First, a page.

Well, this is awkward. Data released by IBM and Adobe provide wildly different takes on whether Cyber Monday in the U.S. was a big success for retailers or a big disappointment.

According to IBM’s Digital Analytics Benchmark, U.S. online sales grew a paltry 8 percent on Monday, versus expectations they would grow 13 percent to 15 percent. Riffing off these numbers, IBMers concluded that there’s a big shift underway in terms of how people shop over the holiday weekend: Cyber Monday and Black Friday just don’t matter as much.

“Consumers are not holding back their purchases for deals on certain days anymore and that trend is becoming increasingly clear,” Jay Henderson, a strategy program director at IBM, told Reuters.

Ah, but wait! The good folks at Adobe beg to differ. According to Adobe’s 2014 Digital Index Online Shopping data, online sales in the U.S. were $2.65 billion, an increase of 16 percent compared to 2013.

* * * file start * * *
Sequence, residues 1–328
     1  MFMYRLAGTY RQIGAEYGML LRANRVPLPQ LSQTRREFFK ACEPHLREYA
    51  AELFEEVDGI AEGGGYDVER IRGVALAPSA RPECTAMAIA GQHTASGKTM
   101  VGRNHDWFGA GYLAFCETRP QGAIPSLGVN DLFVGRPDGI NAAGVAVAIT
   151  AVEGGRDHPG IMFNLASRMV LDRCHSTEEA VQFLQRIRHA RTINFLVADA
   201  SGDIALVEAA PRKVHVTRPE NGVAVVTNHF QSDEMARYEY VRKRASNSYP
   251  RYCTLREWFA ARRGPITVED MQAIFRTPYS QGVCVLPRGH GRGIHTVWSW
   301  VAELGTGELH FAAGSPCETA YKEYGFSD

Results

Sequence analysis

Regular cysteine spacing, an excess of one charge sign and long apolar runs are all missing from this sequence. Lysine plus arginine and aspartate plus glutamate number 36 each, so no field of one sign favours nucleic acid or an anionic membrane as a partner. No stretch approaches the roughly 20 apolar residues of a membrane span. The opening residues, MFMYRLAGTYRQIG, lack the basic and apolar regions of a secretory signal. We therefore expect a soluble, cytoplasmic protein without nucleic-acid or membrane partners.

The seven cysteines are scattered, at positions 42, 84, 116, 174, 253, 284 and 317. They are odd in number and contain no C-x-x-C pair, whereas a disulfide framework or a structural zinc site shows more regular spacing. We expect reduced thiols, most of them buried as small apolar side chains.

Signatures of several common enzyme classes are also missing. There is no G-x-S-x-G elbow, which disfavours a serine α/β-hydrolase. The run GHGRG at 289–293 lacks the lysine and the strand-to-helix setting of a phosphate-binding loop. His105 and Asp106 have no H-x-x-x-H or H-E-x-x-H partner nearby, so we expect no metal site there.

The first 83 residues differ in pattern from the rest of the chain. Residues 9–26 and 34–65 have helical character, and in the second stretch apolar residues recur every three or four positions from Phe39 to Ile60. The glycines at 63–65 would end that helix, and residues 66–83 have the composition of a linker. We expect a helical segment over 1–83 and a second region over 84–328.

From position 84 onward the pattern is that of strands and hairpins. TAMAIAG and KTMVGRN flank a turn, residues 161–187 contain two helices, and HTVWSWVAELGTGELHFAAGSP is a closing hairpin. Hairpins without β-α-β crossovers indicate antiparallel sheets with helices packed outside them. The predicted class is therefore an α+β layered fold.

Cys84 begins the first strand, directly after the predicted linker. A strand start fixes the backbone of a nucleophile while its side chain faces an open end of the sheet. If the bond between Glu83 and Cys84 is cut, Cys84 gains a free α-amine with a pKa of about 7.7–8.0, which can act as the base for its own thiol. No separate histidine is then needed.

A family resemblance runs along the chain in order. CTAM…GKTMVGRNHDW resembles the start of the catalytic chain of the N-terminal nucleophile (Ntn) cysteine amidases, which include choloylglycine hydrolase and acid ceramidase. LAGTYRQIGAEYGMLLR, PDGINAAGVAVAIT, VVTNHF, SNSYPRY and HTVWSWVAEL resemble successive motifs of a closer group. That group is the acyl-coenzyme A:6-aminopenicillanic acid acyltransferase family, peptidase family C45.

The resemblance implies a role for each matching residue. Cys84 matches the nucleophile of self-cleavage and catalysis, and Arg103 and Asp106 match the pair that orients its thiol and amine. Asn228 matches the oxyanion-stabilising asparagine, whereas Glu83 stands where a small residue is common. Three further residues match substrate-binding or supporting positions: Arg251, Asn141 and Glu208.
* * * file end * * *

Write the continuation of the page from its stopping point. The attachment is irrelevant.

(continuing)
“Cyber Monday sales were up 16 percent this year, with the biggest retailers seeing the biggest gains,” Tamara Gaffney, principal analyst for the Adobe Digital Index, said in a press release. “The early birds caught the worms on Cyber Monday, with shoppers getting the steepest discounts in the early morning hours.”

So which analysis is correct? Stay tuned.

This is an early read one of the biggest shopping days of the year. Expect more data to be released throughout the day that could bring the situation into sharper focus.

Because for now, we’re left with a pretty muddy picture.

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